A panel discussion on how to build a healthy working relationship between regulators and employers brought out some interesting perspectives. Safety professionals attending this year's CSSE Professional Development Conference in Whistler, B.C., heard from both sides of the occupational health and safety aisle. Turns out, the two are not so different after all.
WHISTLER, B.C. — Safety experts agree that a good relationship between employers and regulators can contribute significantly to a safe and healthy workplace. How does one foster such relationship?
In a panel discussion at the Canadian Society of Safety Engineering’s Professional Development Conference, representatives from both sides of the occupational health and safety aisle — the employers and the regulators — discussed some of the elements that contribute to a successful relationship between the two.
“Overall, the most important aspect of an ideal working relationship is one where there is mutual respect between the safety professional and the regulator,” said Al Johnson, speaking from the regulator side. Johnson is a regional director with WorkSafeBC.
He admits the dynamics can vary depending on the situation that caused a regulator to visit the workplace — whether it is responding to a fatality, a complain or just doing a planned or follow-up inspection — but if there is mutual respect and understanding of what the regulator is trying to achieve, a better outcome can be achieved.
Another regulator representative, Tom Abercrombie, added that honesty is another essential element of a good working relationship between the employer and the regulator. Abercrombie is a health care inspector with the Ontario Ministry of Labour.
“Regulators can’t come in to the workplace with a hidden agenda,” he said. “You have to have mutual respect and honesty.”
He pointed out that both regulators and employers, through their safety managers, should be upfront about workplace situations, which enables both parties to understand where each other is coming from.
Two other members of the panel — both representing the employer side — agreed with Johnson and Abercrombie.
“I think there is negative connotation with regards to regulators arriving on site. You need to look at it more on a positive aspect. The biggest thing is to understand why they are there — communicate,” said Shawn Henn, a corporate HSE manager overseeing some 1,500 employees in Canada, the U.S. and overseas.
Henn pointed out that in building that relationship it’s not just important to be able to communicate but to listen as well, and understand that “we are all in this together,” he said.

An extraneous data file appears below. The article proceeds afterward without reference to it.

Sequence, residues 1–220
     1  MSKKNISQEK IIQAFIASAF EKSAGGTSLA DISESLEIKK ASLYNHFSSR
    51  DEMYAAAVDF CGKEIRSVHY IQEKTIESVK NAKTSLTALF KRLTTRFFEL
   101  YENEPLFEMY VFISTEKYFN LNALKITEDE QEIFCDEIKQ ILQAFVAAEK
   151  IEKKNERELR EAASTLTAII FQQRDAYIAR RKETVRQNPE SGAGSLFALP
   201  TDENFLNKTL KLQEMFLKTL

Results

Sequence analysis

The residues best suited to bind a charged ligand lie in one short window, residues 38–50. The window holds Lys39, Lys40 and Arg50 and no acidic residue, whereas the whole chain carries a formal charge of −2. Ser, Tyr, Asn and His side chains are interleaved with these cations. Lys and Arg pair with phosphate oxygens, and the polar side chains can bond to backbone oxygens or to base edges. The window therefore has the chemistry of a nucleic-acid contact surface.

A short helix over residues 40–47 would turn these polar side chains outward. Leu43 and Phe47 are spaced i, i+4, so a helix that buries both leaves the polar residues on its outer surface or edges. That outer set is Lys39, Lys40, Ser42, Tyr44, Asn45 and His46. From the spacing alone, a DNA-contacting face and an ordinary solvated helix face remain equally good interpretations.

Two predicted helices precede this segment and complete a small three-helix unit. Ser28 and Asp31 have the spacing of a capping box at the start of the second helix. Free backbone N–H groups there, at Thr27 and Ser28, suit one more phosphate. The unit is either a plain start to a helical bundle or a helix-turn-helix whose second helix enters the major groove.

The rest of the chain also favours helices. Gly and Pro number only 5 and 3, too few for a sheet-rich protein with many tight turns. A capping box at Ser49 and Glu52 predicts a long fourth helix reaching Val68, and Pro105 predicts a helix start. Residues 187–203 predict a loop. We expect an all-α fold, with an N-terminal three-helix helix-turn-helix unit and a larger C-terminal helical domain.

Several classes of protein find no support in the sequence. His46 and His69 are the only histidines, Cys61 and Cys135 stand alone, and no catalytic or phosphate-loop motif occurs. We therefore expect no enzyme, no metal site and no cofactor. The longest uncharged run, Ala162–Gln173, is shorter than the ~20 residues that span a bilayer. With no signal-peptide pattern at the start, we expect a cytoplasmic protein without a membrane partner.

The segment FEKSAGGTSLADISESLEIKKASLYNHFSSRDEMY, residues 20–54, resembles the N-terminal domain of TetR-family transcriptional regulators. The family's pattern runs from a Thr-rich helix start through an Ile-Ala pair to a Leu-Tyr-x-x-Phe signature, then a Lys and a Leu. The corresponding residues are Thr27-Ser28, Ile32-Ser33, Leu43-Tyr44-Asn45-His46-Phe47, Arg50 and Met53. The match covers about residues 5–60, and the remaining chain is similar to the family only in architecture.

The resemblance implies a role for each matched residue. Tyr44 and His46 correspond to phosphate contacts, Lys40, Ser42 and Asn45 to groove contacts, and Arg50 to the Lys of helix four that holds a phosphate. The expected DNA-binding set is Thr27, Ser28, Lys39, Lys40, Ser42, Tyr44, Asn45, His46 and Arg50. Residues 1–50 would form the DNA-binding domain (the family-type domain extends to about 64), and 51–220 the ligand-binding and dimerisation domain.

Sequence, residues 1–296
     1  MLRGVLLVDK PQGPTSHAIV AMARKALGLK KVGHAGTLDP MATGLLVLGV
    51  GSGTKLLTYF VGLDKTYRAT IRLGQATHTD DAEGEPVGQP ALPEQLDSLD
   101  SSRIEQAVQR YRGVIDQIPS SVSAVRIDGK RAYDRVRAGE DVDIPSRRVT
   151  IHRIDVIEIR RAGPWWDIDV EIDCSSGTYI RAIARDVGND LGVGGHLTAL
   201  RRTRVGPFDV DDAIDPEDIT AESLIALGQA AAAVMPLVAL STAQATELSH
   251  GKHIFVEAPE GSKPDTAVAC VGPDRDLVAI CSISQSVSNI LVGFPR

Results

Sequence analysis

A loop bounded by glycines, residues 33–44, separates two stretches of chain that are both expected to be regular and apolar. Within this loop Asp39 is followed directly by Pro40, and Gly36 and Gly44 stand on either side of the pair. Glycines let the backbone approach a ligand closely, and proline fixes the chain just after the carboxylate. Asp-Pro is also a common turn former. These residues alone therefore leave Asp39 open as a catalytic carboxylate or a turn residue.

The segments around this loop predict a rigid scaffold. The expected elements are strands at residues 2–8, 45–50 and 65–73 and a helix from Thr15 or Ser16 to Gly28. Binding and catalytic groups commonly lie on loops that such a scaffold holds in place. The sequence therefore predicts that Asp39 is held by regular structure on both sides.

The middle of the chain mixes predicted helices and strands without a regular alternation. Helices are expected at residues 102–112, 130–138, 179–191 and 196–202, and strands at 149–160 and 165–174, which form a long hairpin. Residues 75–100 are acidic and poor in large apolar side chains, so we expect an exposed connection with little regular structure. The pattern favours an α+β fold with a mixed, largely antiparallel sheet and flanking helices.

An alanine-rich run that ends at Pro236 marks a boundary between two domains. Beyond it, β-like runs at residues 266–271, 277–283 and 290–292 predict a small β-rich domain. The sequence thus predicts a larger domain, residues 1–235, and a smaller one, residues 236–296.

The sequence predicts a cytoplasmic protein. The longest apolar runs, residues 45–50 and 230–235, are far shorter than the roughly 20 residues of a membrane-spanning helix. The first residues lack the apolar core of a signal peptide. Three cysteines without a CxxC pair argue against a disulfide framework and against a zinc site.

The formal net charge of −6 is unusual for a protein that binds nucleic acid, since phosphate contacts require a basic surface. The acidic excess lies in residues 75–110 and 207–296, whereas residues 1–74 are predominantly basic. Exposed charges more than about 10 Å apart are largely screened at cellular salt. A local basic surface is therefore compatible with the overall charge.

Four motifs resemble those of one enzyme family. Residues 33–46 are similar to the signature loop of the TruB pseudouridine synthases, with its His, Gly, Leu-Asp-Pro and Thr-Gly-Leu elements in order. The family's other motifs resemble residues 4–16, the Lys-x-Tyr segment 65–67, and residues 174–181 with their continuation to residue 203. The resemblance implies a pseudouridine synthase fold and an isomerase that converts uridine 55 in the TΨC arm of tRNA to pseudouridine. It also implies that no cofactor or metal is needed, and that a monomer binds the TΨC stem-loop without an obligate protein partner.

Sam Chauhan, OHS manager for the City of Surrey in B.C., agreed saying it’s important to develop a relationship that is based on trust, because after all, they both have a common goal of making workplaces safer. In fact, Chauhan said he welcomes workplace inspections as they provide an opportunity for identifying other hazards that may not have been evident before.
“It’s much better to have an inspection than to have an accident investigation or fatality investigation,” Chauhan said. “I think that it’s important to get outside eyes… they help us identify gaps.”
Although it is the ideal situation, achieving a healthy, harmonious working relationship is sometimes easier said than done, particularly if both parties are not seeing eye-to-eye.
Chauhan noted that while the more senior and experienced regulators are typically easier to work with, the younger newer government recruits tend to be “more challenging — they want to prove themselves and they usually come in with a ‘safety cop’ attitude.”
Even in situations like that, both Shawn and Chauhan, stressed it’s important to keep a cool head and try to make each other understand where the other is coming from.
“Nobody likes to be told that they’re wrong,” Shawn said. “But make sure you communicate why you disagree, try to see things from their perspective, make sure you do your homework, and have the (information ready) to back you up.”
Both Johnson and Abercrombie — speaking on the regulator side — suggest that in those types of situation, the employer or the safety manager should speak up, in a respectful manner, and tell the regulator what they feel about how the situation is being handled.
“If you do encounter that, (then) you do have to talk about what the ideal relationship is. I think you have a duty to talk to the regulator ... As health and safety people you have a duty to talk about what kind of relationship you would like to have,” said Abercrombie.
Even when the regulator and employer disagree, things must be resolved in an objective manner. The regulator has a duty to define what the contravention is and point out the specific hazard, and the employer needs to be transparent and upfront.
In many cases, Johnson said, there are advantages to dealing with newer or younger officers.
“Some of the newer officers are more open to dialogue and may take you down the road that a more senior officer have not taken you before,” he said. “Our officers are not experts in your workplace. Something to think about is that those new officers are probably as nervous about being in your worksite as you are experiencing new officers as well.”
Whatever the disagreements may be, the bottom-line and the secret to a successful working relationship are mutual trust and respect. With those in play, they may agree or agree to disagree — in which case the employers do have other options to consider.
“Talking about it and seeking that clarity (is key),” Johns said. “At the end of that interaction if there is still disagreement then the employer has a formal route of appealing an order, and then the informal route of talking about it again.”